The Chairman of the Nigerian Optometric Association, Dr. Onyebuchi Ndukwe, Cross River State Chapter, says that many Nigerians are losing their sight to the dreaded whiff of glaucoma, irreversibly due to ignorance.
This is revealed in an interview with the News Agency of Nigeria in Calabar on Friday while commemorating the 2022 World Glaucoma Week, themed: ‘The World Is Bright, Save Your Sight’.
Glaucoma is an eye disorder that causes visual impairment as a result of its effect on the optical nerves that take pictures from the eye to the brain due to what is known as Intraocular Pressure.
Experts say it is estimated that around 2 million Nigerians have glaucoma, but the tragic fact is that, out of this number, about 1.8 million are oblivious of their condition.
“Globally, it is estimated that about 78 million people have glaucoma and this number is expected to rise to 101 million by 2030,” he asserts.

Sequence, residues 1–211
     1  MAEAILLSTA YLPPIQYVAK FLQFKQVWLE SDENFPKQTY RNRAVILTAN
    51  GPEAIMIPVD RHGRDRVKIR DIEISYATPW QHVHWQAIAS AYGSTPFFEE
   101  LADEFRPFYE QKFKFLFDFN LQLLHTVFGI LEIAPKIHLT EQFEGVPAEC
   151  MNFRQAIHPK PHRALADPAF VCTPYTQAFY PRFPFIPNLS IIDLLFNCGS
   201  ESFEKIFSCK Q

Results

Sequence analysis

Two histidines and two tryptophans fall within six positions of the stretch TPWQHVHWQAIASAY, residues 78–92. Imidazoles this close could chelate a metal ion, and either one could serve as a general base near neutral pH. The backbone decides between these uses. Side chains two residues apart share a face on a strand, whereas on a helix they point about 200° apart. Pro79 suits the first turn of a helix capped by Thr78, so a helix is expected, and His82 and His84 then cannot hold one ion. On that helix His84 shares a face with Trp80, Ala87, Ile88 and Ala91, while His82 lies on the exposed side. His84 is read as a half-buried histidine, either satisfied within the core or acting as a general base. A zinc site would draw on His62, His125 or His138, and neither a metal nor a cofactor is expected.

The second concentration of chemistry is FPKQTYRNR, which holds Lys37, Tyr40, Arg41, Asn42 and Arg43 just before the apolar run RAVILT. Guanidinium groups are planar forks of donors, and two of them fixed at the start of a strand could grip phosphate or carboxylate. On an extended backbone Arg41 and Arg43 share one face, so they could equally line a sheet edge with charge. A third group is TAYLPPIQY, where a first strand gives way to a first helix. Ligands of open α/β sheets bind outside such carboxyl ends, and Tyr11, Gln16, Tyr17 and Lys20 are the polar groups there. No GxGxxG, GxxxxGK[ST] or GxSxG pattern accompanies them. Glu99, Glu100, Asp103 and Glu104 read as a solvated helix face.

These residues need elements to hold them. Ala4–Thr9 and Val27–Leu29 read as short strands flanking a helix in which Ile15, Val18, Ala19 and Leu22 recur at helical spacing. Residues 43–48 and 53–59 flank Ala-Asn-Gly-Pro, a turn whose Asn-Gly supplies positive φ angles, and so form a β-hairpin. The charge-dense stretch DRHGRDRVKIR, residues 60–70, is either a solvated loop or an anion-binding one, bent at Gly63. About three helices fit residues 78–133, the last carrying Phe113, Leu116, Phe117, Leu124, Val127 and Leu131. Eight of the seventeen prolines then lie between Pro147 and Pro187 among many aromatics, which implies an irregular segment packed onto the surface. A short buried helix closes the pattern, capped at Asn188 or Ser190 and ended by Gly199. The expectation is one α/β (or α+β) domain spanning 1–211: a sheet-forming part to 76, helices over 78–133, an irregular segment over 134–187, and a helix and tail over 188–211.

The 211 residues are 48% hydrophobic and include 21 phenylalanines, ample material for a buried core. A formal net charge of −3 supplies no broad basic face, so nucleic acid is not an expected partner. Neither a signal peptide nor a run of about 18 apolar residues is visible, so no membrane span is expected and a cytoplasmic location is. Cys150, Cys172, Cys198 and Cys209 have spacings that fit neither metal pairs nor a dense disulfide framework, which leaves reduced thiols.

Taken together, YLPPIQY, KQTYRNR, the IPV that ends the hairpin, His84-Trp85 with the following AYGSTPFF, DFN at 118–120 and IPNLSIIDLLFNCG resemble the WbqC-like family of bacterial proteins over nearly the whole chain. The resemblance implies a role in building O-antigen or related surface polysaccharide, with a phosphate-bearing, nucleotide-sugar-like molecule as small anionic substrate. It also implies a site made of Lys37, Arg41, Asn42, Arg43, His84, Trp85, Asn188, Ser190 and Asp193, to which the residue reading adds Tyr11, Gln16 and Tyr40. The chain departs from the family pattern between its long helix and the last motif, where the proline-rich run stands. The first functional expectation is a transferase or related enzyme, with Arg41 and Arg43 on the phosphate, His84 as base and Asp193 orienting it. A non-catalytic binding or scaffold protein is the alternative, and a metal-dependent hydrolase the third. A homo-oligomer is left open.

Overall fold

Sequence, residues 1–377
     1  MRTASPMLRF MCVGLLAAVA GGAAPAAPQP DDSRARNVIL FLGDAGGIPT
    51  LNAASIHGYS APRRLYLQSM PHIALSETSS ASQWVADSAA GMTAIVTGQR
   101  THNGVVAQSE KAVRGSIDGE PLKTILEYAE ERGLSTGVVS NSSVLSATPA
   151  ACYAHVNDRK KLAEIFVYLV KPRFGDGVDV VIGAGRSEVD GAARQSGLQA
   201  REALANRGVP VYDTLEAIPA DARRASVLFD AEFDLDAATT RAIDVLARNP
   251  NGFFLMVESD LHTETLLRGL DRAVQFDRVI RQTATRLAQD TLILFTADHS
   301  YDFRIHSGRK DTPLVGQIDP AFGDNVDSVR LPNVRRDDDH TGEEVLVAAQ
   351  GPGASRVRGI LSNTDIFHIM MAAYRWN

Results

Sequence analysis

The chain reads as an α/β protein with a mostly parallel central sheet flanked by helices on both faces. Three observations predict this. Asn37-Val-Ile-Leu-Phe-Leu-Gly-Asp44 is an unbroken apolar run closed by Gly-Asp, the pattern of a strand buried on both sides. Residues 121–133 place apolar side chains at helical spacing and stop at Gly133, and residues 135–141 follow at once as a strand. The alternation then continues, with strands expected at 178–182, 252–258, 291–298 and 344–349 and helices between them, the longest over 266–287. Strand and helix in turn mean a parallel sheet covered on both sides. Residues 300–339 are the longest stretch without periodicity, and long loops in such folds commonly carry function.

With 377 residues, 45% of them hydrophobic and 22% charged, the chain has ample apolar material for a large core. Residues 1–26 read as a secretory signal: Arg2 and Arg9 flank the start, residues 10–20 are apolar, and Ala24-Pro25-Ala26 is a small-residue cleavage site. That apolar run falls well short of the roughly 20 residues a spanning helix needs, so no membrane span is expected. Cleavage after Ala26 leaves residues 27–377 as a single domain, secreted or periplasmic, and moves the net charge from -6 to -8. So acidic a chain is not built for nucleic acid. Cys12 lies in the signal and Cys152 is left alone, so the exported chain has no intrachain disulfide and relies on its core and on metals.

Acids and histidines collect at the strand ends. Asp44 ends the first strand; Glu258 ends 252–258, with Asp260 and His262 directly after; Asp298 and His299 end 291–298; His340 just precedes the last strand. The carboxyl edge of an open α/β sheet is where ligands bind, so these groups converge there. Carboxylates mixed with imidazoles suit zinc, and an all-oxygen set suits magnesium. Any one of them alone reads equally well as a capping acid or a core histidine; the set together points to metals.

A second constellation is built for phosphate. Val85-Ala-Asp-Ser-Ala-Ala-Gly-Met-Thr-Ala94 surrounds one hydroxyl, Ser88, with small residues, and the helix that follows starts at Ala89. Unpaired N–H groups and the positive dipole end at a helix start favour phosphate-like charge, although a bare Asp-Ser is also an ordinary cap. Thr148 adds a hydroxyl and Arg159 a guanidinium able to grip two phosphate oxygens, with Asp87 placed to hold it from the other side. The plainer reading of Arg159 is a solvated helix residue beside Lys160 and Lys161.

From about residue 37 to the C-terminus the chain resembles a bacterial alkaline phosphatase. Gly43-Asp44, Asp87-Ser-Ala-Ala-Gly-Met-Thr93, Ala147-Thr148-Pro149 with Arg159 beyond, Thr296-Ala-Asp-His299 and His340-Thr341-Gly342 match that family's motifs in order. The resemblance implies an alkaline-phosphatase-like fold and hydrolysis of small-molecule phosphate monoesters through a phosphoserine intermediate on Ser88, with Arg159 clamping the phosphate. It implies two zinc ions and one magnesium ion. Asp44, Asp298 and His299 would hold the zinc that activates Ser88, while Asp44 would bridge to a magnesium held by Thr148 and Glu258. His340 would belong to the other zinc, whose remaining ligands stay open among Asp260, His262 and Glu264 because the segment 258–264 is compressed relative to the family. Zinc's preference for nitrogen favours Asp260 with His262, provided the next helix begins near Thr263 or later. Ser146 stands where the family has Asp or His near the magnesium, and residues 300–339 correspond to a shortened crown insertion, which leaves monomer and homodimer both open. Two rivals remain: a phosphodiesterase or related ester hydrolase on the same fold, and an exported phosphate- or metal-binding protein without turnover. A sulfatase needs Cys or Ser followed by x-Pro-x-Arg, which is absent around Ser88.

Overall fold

Highlighting the categories of susceptible people with high risks of glaucoma, Ndukwe says, “The categories are people who are above 40 years and from the black race; a family history of glaucoma; people with high myopia, diabetes, hypertension; and most importantly unprescribed use of steroids”.
Website Designing/Management/Social Media – Iyanu Victor
“So, if you are below 40 years, at least once in two years, go for an eye check; for those above 40, the eyes should be checked at least once a year,” he adjures.
Dr. Ndukwe further says “those above 50 years should check their eyes twice in a year, this is the only way you can be sure that you have contracted glaucoma or not”.
The chairman advises Nigerians to go for regular eye checks whenever they notice any changes in vision, like blurriness, or begin to bump into objects while trying to move around.
Certified French Tutor in Nigeria with Years of Experience – Ms Blessing Akpan
“It is sad that we go for medical examinations and our blood pressure, sugar level and lipid profiles are checked but no time is taken to check the eyes.
The World Glaucoma Week is observed annually from March 6 to 12 with the goal of sensitizing the public on the need to have regular eye checks in order to detect glaucoma as early as possible.